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Sara Baras
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“I try to give what my maestros have taught me”


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Sara Baras

It was said of you in recent news that you're the “female flamenco figure for the masses”. Do you believe it's necessary for flamenco to reach the general public? Do you think it's even a responsibility that you all have?

I'm glad you asked me that question because the day they said that was at a press conference and, sincerely, I think they were doing it to insult me, to bother me. And how do I explain to this gentleman or this lady that if I have the chance to do big flamenco, it's better for me? If they're telling me that I'm capable of putting together a choreography to display where thousands of people fit, thanks very much. I've been doing that since I was a little girl in a room dancing through bulerías.

Besides, I don't think Paco de Lucía plays either better or worse because there are a thousand people or ten thousand people; he plays equally well, but he's reaching more people. I know that the thing about the great masses bothers some flamencos. Hang on, there's flamenco for everyone. I know how to distinguish a choreography for a flamenco peña from a choreography for a theater like this one (the Lope de Vega in Madrid). I know how to distinguish; I know which way it has to go. The more people who come to the theater, the more people who like flamenco and the more people who are devoted, even better. I take it as a compliment; I have never considered it an insult, even if it is said with that intention. Glory be.

Nor is it a new phenomenon. When La Niña de los Peines used to perform here in Madrid, the police even had to come in...

I lived near Camarón when I was a little girl, and who says now that he didn't use to sing well? They can't say it, because he had a music box in his throat. And look at how many people used to go and see Camarón. I don't understand it. Normally, even in interviews, I think things over a great deal. I try not to pick on anybody, not to insult anybody, not to create any controversy; I try just to be in the dancing and the happiness that flamenco gives me. I don't want anything else. And lately, I feel sorry because there aren't so many of us who are in this and... my God, let's unite and take flamenco all over the world which, thanks to Carmen Amaya, Paco de Lucía, Camarón, artists as great as them, we have the doors open to. Well no, if you triumph, they come out right away with pure flamenco... but, what pure flamenco? Pure, Rancapino. He's sung for me through seguiriyas in a show for the masses, he and I alone, in the Maestranza Theater in Seville packed with people. Pure is in his way of life.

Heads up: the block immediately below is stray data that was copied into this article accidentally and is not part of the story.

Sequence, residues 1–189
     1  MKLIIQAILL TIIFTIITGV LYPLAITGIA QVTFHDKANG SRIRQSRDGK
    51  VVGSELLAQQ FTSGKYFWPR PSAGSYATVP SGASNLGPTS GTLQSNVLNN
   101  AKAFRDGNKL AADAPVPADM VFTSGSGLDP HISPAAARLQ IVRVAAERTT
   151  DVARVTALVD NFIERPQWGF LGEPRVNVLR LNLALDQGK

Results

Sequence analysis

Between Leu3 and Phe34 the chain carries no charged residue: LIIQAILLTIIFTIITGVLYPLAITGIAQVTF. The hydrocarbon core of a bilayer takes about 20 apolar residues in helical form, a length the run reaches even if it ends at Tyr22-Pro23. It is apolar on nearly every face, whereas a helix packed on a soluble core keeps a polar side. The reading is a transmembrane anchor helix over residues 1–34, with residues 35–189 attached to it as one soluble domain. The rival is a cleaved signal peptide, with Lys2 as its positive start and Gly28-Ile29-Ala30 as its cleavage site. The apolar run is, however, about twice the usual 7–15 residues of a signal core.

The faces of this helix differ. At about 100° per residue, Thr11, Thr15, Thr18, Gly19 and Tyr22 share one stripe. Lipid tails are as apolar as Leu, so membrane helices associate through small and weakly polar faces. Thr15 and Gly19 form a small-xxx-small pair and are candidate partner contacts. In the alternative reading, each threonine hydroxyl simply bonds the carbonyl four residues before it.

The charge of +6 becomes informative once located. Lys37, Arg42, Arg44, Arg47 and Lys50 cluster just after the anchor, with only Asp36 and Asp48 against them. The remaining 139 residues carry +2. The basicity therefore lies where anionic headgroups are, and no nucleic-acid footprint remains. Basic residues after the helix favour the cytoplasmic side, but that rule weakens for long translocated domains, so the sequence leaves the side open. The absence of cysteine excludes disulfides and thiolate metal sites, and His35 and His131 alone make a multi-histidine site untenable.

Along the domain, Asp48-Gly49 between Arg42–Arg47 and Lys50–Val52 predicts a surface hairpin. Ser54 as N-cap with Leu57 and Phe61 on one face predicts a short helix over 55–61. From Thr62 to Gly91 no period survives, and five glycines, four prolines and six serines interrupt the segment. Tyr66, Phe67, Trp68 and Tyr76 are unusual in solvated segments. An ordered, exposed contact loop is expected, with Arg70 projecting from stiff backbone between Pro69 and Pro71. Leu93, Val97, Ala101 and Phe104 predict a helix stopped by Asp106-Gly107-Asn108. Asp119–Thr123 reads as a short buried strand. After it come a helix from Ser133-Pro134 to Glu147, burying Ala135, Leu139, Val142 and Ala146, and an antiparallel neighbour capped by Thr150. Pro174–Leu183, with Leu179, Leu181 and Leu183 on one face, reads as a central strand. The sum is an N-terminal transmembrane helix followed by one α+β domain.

Sara Baras

Do you think your colleagues see you from a distance?

There's a bit of everything. There are colleagues who I've known of course for many years and we've shared lovely times when we were nobody, when we used to see an artist in the festivals in the south, which was incredible. And I have a very good relationship with most of them. But afterwards yes, afterwards there are other colleagues that I don't and I feel that there must be something wrong in their life, in their personality. There was a poster in my brother's room, I don't know if I'm very pretentious to say this, which said: “Three billion flies eat poop; they can't be wrong”. There are many people, many maestros, many people who help me, very professional people, very important people, there are a lot of full theaters, a lot of reviews from all over the world... and I'm not going to sell myself out, because I don't need to either, but how can they come again and criticize the same thing? To dress up like Matilde Coral, there's Matilde Coral, who I adore with all due respect; but she was for another age. If another age comes now and there are others of us, let us be. We're not doing anything bad; we're working with all due respect. What a shame.